Paul, the degree at which the compiler optimizes code is up to the hardware vendor. Each hardware vendor creates their own optimized compiler. There is not a uniform "OGL" compiler that every video card manufacturer ships with their driver, rather the opportunity for optimization to each vendors' unique architecture is present. Remember, the language is young and so are the compilers. As they mature, they'll get better and more optimized. If more developes use the language, and more developers let the hardware vendors know they think it is important, the more effort the vendors will put into the compiler.

kingjosh
09-23-2005, 07:46 AM
Humus - are you suggesting that it would be faster to swap out programs instead of changing uniforms? This may be correct in some narrow case(s), however uniforms are designed to be used for this purpose. I find it hard to believe that swapping out a program/shader could be faster than updating a uniform variable?

dronus
09-23-2005, 10:12 AM
the question in fact is if the program is "exchanged" (loaded in some other mem) or maybe just "switched" (gpu binarys all lying in vram) as glUseProgram intend...
if it where called "glSwitchProgram" or on the other hand "glLoadProgram" that would be much more obvious

but i think that may depend on hardware too...

V-man
09-23-2005, 04:28 PM
Originally posted by dronus:
thats for a new one...
is there any experience out there how smart the compiler is?
I had this shader that was a close shave for SM2 hw. On ATI, to my surprise, it was able to execute in HW.
The HLSL version of the same shader would not fit. I changed the code around, but that only cost more instructions.
I figured that ATI's GLSL compiler was agressive or D3D's system was at a loss because it doesn't know the hw well enough.

"but i think that may depend on hardware too..."

Of course it does.

Humus
09-24-2005, 10:23 PM
Originally posted by kingjosh:
Humus - are you suggesting that it would be faster to swap out programs instead of changing uniforms?No. I'm suggesting that a shader that has constants written out explicitly often compiles to fewer instructions, thus run faster than the equivalent that uses uniforms. If the number of permutations is fairly low and you're limited by shading, rather than API overhead of setting shaders/uniforms, then this may be an optimization, but your milage may vary.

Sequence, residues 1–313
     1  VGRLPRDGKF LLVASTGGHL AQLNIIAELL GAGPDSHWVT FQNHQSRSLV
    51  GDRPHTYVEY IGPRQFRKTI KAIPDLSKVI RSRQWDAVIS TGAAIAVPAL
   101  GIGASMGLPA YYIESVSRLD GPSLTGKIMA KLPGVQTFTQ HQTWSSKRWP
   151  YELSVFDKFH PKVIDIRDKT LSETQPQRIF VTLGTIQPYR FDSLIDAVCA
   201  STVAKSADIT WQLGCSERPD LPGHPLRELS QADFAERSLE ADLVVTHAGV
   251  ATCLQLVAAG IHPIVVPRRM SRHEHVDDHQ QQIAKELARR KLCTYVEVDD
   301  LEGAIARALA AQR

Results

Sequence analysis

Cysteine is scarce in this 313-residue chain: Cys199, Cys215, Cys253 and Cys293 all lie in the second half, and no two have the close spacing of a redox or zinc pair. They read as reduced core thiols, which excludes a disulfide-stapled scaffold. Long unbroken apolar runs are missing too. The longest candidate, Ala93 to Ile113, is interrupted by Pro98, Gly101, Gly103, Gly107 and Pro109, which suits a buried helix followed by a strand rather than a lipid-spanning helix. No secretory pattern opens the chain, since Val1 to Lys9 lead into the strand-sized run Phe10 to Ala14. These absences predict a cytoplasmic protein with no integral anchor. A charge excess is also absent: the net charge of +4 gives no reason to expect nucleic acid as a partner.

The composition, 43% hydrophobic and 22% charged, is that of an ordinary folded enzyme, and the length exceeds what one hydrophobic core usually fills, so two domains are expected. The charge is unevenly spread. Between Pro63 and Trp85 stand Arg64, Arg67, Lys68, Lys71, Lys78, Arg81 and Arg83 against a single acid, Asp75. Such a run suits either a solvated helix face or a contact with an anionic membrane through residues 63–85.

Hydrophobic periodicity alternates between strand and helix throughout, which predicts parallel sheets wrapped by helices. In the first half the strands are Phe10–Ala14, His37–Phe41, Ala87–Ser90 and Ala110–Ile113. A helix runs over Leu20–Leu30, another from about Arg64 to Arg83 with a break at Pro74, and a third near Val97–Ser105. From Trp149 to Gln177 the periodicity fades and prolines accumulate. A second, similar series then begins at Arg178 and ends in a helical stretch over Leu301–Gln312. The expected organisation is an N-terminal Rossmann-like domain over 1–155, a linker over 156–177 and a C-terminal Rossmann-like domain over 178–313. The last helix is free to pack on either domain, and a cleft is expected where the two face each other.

Humus
09-24-2005, 10:28 PM
Originally posted by dronus:
i just found some same code in ATI's "RenderMonkey" playground running at vast different speeds between OGL and DX9 forcing me to think the OGL compiler does not much optimizing..There will be differences, sometimes favoring D3D but in my experience equally often favoring OpenGL. In OpenGL the IHV writes the front-end, while in D3D it's provided by the runtime and the high-level shader compiler is provided by D3DX. Sometimes the HLSL compiler may be able to spot optimizations that our optimizer misses, so D3D could gain there, while on the other hand, when HLSL misses an optimization the lost semantics may make it hard to for our optimizer to figure it out while this problem does not exist in OpenGL.

ze moo
09-29-2005, 02:36 PM
Originally posted by dronus:
t...
i just found some same code in ATI's "RenderMonkey" playground running at vast different speeds between OGL and DX9 forcing me to think the OGL compiler does not much optimizing..
...
It's not the compiler... (i think)

those (quite extreme) slowdowns always appeared
when i used rendertargerts and glsl on my old
radeon 9500 pro